As to impossibility (a), the complete Russian victory: The West made a collective decision in the early weeks to take a relatively hard stand against Putin’s aggression, but it could just as easily, in light of pragmatic concerns, return to its more typical position, namely appeasement, accommodation, and big diplomatic words accompanied by no stick whatsoever, in which case Ukraine would lose the ongoing war of attrition fairly definitely, effectively leading to Russia’s eventual occupation of Kyiv and the surrender, exile, or capture of the Ukrainian government. If, for example, the entire West had been led by the opinions of the French and German governments at the outset, or were to bow to those voices now, Russia’s complete victory would depend only on Putin’s will to carry on with it, which we have no reason to doubt would be strong.
Impossibilities (b) and (c) are the important ones, however, since these are the scenarios which represent the hopes of those people Latham knows he is truly arguing against. Both (b) a complete Ukrainian victory and (c) a return to the pre-February conditions of minimal occupation (Crimea) may be dismissed as impossible only on the presumed condition that the nations of the West will not do enough to assist Ukraine in its effort to push back the Russian military. It almost goes without saying — which means it obviously refutes Latham’s entire calculus of “impossibility” — that if the West in general, and the United States in particular, chose to prioritize Ukrainian victory (or rather Russian defeat) more vigorously than it has done thus far, Russia’s loss would be complete, certain, and relatively swift. For we have already seen that the Russian military is wildly overmatched by Ukraine’s in training, purposefulness, bravery, and strategic effectiveness. The only thing keeping Russia in the game at all at this point is the fact that Ukraine is under-equipped, and therefore always looking for ways to preserve its resources to fight another day. If they had what they needed, and were truly assured of not suddenly running short of supplies and weapons, it seems highly likely that the Russian military would be back on its heels again, becoming dispirited again, and facing constant micro-rebellions within its ranks again. And then of course there is the situation within the Kremlin, where there are rumors of Putin’s illness, as well as talk of mass firings within the hierarchy, signs that Putin’s grip on power may be slipping, or at least in danger of doing so. If there were some sort of major event in the power structure in Moscow, all bets on the trajectory of the war would be off, of course.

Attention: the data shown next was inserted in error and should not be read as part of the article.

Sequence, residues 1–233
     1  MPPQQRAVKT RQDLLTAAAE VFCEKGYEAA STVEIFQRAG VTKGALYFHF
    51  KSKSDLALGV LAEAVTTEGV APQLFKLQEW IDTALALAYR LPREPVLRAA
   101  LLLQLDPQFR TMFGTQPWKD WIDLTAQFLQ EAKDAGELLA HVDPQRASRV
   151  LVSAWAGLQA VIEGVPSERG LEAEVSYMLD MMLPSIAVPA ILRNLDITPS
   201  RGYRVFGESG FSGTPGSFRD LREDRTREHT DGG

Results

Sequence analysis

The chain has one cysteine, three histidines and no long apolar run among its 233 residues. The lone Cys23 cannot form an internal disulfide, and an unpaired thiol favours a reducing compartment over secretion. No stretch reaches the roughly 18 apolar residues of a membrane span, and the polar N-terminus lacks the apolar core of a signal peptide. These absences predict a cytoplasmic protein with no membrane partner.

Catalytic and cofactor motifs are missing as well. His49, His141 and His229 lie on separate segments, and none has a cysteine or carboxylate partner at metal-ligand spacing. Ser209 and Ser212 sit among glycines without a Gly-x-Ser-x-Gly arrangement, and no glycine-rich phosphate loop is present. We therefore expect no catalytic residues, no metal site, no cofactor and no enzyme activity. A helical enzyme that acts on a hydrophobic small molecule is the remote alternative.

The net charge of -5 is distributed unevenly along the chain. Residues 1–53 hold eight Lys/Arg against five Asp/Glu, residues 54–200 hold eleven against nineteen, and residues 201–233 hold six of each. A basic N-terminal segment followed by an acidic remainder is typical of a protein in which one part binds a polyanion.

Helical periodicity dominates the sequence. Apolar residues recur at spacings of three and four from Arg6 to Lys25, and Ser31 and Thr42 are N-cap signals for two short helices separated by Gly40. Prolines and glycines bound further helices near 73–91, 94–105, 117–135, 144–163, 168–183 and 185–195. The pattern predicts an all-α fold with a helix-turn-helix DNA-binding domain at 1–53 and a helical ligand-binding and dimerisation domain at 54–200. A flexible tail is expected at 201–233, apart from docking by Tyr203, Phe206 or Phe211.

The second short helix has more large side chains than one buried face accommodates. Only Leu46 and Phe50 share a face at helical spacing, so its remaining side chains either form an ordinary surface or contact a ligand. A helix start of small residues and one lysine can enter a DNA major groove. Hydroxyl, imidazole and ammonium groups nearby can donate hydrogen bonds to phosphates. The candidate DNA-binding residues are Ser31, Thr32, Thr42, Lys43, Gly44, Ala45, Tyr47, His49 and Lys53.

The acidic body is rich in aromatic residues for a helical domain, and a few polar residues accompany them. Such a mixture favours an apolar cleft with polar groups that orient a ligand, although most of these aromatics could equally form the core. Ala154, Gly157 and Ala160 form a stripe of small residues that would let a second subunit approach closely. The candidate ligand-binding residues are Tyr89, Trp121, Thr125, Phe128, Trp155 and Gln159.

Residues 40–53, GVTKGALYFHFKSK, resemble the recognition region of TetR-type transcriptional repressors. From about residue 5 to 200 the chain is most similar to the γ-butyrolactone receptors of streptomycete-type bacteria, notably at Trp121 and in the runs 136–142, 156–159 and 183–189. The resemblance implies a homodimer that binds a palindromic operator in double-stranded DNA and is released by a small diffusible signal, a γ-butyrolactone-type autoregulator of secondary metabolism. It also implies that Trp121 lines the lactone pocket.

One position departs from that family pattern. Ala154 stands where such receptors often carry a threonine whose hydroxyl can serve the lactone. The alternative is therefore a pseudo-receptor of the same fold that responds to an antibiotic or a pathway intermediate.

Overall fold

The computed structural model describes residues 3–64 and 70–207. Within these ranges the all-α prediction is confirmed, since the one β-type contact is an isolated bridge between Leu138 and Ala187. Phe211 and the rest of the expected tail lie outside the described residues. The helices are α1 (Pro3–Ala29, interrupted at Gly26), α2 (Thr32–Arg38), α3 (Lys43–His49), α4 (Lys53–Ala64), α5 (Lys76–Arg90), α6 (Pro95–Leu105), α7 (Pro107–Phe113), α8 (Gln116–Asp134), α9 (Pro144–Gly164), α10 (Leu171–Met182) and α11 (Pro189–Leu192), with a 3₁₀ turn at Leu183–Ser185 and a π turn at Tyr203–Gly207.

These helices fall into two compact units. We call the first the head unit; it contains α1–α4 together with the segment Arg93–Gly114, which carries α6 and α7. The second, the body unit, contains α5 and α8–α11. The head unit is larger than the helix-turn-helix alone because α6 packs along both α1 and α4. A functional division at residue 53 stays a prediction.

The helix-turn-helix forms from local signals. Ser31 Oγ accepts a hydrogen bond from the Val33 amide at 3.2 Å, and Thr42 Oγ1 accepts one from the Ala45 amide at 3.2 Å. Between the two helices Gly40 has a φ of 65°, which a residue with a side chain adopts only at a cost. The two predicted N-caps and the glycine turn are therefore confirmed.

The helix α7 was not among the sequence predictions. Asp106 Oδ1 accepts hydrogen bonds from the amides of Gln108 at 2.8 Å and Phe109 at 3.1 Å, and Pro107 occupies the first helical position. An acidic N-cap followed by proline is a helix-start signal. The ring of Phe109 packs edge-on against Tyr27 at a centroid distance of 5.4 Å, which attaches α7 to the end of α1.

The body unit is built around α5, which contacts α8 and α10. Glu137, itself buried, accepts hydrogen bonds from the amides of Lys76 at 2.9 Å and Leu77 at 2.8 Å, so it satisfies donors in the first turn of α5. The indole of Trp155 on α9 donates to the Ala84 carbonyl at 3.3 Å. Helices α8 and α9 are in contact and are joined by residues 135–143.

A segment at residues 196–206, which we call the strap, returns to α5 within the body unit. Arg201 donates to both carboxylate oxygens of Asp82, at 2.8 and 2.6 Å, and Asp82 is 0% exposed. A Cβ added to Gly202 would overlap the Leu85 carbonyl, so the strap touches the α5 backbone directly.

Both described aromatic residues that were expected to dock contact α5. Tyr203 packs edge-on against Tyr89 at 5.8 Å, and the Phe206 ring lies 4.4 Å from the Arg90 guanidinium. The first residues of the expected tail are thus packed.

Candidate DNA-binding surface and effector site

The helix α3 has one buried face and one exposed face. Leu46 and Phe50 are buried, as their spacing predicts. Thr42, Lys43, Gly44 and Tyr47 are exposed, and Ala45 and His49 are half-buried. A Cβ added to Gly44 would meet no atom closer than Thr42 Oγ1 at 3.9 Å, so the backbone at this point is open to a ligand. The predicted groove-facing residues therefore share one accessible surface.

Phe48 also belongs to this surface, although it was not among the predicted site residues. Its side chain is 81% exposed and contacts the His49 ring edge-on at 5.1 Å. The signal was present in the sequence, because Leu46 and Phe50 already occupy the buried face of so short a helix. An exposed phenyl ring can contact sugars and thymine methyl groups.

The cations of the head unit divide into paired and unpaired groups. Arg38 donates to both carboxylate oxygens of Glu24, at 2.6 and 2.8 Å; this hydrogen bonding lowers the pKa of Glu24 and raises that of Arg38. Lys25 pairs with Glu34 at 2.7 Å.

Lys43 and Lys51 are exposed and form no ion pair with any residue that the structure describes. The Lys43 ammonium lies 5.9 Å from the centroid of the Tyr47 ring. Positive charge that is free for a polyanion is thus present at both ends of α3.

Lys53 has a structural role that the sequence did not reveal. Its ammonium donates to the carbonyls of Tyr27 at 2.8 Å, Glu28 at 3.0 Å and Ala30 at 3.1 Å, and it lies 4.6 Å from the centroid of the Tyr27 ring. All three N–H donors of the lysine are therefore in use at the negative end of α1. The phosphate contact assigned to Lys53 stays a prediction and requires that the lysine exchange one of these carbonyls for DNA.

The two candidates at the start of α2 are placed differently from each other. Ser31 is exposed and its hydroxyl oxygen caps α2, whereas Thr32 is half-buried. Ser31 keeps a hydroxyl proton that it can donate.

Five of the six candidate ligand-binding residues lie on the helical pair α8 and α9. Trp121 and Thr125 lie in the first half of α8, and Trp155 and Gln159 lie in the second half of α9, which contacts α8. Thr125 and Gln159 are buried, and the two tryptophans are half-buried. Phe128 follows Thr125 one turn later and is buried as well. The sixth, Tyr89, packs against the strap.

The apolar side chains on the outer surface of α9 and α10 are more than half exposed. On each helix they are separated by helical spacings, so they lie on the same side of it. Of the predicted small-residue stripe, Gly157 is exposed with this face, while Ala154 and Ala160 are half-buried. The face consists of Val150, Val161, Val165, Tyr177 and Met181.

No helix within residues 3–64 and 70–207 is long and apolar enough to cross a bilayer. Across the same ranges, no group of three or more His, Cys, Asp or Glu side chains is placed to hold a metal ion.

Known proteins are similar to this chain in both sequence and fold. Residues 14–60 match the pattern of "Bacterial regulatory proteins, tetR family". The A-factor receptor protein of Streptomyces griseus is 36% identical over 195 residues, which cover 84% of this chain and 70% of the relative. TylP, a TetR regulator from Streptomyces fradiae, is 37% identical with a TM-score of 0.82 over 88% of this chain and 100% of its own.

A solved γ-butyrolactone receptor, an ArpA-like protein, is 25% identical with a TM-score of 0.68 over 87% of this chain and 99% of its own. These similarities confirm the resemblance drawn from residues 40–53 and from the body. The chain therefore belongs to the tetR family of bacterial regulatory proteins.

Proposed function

In sum, it is plain to see that not a single one of the projected outcomes Professor Latham has rejected as impossible is really impossible at all, anymore than any man alive could be eliminated as a suspect in a murder that has not yet occurred. Any number of conditions could change, in any number of easily imaginable ways, to alter the predictive calculus completely.
This is all so self-evident, in fact, that even to have spent this time analyzing Latham’s illogic might seem pointless, were it not worthwhile for the sake of arriving at the following question: Why is Latham working so hard to prove what cannot be proven, and to eliminate from possibility what cannot be eliminated?
And the answer is perhaps as obvious as it is revolting: Like seemingly all of the West’s big “strategists” of recent decades (see Henry Kissinger), Latham’s heart is set on keeping things exactly as they are: the authoritarian world ascending and expanding, the American defense of freedom weak and uncommitted, tyrants appeased and mollified, and millions of people abandoned — but only a few million at a time, of course — to enslavement, in the name of “tamping down hostilities,” “de-escalating,” or “getting back to other pressing priorities.” The think tank with which Latham is associated, Defense Priorities, represents that very sensible orientation in “constitutional defense policy” and “genuine national interests” that leads so many conservative and libertarian types to regard conflict avoidance as the highest aim in all matters, thereby effectively rebranding the systematic appeasement of expansionist tyranny as a manifestation of the proper national security interests of the United States.
In short, the reason Latham has declared Ukrainian victory impossible is simply that he personally does not wish the United States (or other Western nations, apparently) to offer Ukraine the sort of assistance that would make its victory possible. In other words, when he says the defeat and retreat of the Russian military is impossible, he really means that, all things being equal, he would prefer that such a defeat not happen, because he personally does not approve of the steps that would have to be taken to make it happen.
Call me a plodding companion if you will, but Professor Latham’s brilliant deduction here is pure poppycock, and in no way related to logic. It is, rather, yet another example of why freedom is in retreat throughout the world, and totalitarianism on the ascendancy. Comfort is king in the West, and comfort, as history proves, is the motive of cowards and appeasers. “No, no, we wouldn’t like this result at all; but what is one supposed to do?”
Why not just name Emmanuel Macron the first (and last) official President of the West and get on with the mass surrender? “But wait! That wouldn’t affect one’s academic tenure, would it?”
Who ever had the idea that academics could be trusted as policy experts? As if they had some special insight or a more accurate moral compass. As if they had no vested interests.